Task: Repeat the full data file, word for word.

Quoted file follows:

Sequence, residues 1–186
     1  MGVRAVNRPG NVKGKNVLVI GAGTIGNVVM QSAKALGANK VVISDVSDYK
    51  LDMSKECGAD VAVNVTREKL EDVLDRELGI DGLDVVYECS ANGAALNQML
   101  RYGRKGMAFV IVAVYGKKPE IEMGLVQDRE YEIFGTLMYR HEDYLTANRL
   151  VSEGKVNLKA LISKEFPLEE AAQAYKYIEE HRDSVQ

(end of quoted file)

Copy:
Sequence, residues 1–186
     1  MGVRAVNRPG NVKGKNVLVI GAGTIGNVVM QSAKALGANK VVISDVSDYK
    51  LDMSKECGAD VAVNVTREKL EDVLDRELGI DGLDVVYECS ANGAALNQML
   101  RYGRKGMAFV IVAVYGKKPE IEMGLVQDRE YEIFGTLMYR HEDYLTANRL
   151  VSEGKVNLKA LISKEFPLEE AAQAYKYIEE HRDSVQ